These concerns are among the reasons Ilatov had already agreed to kill the bill by the time the NIF statement went out on June 15.
It’s mostly true, as the NIF warned, that “Once the bill is approved by the Cabinet [or rather by its legislation committee — H.G.] it is guaranteed a majority in Knesset votes.” The Ministerial Committee for Legislation, chaired by Justice Minister Ayelet Shaked and Likud’s Yariv Levin, a former deputy head of the Israel Bar Association, is composed of representatives of all the parties in the ruling coalition. Approval by the committee gives a bill the support of the government, and thus in theory the backing of the majority coalition in the Knesset. So yes, when the Ministerial Committee for Legislation votes to back a bill, its chances of passing into law in the Knesset increase dramatically.
Except when they don’t.
When the ministers convened on June 17, they heard from the legislation committee’s legal adviser, an appointee of Shaked and the Jewish Home party, about the many problems with implementing Ilatov’s original idea — this was a formality, as everyone in the room already understood the bill’s shortcomings.
They heard, too, that there is already a law that seems to fit the problem Ilatov identified: It is illegal to obstruct a public servant in the lawful fulfillment of their official duties. Those who do face a penalty of up to one year in prison. IDF soldiers are public servants, and so are currently protected by law against anyone obstructing them from lawfully carrying out their orders.
They also learned that there is an exception in the law for police officers (for the curious, Chapter 9, Section C, Article 279 of Israel’s Criminal Code) that ups the punishment for obstructing cops to a maximum of three years.
A solution had been found that could give Yisrael Beytenu its legislative victory while not allowing Ilatov’s ridiculous bill, as all concerned viewed it, to advance any further. It was wiped clean, its text replaced with a new proposal: to make obstructing IDF soldiers, which is already illegal, carry the same penalty as obstructing police officers.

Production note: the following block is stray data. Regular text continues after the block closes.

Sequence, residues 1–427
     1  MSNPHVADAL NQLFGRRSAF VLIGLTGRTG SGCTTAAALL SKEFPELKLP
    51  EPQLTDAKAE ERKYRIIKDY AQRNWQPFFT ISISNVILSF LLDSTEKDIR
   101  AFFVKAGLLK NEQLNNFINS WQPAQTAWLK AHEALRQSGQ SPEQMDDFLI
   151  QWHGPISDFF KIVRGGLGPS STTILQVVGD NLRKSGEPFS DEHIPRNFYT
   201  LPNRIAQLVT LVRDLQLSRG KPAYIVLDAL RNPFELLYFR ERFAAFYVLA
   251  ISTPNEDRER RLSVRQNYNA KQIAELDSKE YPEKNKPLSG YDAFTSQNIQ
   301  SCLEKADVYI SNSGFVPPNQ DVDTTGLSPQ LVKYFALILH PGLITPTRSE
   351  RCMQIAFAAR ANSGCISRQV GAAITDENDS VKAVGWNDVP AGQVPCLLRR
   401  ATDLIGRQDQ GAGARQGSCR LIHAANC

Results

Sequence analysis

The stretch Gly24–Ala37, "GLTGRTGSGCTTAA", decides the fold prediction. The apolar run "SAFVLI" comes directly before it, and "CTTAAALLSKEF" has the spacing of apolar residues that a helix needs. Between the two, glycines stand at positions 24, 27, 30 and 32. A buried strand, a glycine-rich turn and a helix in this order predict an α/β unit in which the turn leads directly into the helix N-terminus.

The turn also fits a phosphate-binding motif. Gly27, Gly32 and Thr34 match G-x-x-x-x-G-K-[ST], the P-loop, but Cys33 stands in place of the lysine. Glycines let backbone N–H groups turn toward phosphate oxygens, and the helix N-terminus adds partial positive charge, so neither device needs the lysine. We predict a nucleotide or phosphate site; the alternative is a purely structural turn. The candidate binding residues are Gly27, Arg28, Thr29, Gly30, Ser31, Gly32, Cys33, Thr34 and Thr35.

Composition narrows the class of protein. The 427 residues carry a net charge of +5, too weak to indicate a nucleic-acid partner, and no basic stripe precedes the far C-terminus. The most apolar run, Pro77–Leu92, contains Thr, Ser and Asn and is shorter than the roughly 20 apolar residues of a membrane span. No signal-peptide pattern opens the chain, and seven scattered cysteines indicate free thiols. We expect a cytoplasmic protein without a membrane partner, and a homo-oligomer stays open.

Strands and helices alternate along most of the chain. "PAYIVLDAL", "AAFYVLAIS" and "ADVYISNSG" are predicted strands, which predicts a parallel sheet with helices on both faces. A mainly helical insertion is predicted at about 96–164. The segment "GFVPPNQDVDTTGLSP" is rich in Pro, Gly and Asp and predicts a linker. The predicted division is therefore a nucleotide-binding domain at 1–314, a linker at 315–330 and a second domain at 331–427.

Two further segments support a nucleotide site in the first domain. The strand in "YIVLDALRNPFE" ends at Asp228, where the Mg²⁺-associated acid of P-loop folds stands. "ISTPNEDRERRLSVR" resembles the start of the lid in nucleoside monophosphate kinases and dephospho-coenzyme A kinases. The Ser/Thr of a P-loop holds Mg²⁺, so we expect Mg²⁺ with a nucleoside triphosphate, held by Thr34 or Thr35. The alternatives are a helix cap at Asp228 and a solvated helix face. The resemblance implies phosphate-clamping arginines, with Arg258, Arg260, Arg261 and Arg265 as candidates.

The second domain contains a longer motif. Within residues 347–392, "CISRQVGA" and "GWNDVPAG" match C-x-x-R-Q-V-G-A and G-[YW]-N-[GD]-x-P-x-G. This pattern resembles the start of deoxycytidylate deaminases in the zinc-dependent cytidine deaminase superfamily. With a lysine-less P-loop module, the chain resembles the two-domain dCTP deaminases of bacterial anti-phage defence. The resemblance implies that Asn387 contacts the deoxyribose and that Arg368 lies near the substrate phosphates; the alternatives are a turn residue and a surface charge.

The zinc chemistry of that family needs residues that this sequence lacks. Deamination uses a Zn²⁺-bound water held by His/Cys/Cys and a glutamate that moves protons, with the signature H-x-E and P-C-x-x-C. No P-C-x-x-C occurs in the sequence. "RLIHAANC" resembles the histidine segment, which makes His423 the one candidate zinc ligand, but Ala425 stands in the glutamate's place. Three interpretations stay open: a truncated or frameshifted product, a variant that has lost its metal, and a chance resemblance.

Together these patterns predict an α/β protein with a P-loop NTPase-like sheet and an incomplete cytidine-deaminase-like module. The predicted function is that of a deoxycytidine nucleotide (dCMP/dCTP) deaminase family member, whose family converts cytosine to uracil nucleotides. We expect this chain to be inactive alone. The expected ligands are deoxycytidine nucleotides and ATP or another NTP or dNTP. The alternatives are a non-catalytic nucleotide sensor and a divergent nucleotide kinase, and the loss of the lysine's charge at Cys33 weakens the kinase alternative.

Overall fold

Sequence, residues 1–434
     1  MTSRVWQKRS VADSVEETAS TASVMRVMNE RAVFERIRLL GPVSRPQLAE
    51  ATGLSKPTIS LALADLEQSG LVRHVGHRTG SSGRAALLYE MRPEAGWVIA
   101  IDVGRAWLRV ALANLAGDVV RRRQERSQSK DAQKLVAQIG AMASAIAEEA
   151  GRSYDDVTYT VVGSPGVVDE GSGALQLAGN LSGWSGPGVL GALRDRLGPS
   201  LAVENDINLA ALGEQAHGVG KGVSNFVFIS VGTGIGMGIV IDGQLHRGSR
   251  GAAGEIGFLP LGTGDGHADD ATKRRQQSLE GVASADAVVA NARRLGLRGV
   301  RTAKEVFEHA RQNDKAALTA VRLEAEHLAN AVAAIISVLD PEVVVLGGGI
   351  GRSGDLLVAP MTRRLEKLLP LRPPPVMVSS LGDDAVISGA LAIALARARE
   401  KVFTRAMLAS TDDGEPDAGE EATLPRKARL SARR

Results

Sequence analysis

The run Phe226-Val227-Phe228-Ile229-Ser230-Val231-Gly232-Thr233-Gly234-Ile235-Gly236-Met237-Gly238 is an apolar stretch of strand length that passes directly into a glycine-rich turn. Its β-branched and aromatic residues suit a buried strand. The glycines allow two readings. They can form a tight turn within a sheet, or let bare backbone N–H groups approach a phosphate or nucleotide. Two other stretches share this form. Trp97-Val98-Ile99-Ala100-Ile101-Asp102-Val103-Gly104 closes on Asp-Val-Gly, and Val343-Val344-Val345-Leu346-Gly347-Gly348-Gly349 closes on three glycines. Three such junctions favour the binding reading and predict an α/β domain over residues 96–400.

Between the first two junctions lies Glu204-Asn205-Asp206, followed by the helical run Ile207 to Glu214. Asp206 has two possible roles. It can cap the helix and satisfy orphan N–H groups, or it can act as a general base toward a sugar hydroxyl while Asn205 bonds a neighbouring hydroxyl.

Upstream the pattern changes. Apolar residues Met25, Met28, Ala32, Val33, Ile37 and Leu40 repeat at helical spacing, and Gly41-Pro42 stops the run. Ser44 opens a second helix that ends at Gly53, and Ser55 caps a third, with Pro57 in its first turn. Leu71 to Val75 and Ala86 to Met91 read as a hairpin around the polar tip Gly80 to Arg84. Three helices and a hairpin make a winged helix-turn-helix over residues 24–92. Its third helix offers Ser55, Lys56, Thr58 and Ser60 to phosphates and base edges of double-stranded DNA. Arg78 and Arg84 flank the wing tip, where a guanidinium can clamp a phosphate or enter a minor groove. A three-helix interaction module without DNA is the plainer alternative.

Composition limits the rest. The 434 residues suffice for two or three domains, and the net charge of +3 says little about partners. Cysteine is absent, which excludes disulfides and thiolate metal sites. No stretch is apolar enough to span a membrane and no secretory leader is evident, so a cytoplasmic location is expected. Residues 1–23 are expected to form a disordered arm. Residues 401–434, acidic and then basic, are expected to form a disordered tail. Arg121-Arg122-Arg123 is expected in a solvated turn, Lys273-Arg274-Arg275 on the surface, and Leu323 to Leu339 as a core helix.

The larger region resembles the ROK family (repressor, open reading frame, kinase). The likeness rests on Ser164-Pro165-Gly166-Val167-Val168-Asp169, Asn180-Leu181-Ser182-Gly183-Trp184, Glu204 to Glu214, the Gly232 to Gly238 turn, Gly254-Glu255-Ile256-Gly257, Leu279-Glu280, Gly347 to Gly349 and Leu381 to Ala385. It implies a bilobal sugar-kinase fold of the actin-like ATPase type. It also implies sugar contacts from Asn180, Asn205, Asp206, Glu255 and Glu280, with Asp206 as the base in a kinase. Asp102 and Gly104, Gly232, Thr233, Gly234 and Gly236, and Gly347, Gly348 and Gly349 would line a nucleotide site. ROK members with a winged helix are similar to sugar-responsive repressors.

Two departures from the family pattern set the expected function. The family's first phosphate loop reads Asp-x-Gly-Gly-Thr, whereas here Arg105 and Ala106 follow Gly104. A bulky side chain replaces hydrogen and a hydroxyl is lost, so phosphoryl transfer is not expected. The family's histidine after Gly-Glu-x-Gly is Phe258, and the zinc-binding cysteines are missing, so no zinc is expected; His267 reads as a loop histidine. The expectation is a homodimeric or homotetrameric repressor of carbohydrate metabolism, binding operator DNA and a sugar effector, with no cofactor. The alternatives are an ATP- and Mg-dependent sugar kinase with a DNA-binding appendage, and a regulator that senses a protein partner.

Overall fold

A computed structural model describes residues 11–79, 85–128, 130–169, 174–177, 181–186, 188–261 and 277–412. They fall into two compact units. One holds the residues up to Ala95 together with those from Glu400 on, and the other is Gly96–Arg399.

Filming the soldiers, it was suggested by state attorneys in the room, could be part of the “obstructing” activities of the activists — but was not in itself enough to constitute obstruction.
This is important enough to reiterate: The bill that made it through the June 17 meeting of the cabinet committee no longer forbids filming IDF soldiers. Any filming, for it to become illegal under the stipulations of the new bill, would have to be part of an activist’s already-illegal efforts to obstruct the soldiers’ work. That is, the bill explicitly does not forbid the filming of IDF soldiers, especially by those who are not actively clashing with them.
This means the new version does nothing to solve what Ilatov pretended was the problem that led him to propose the original bill: to prevent the “slandering” of Israeli soldiers or attempts to “undermine their morale” via photography.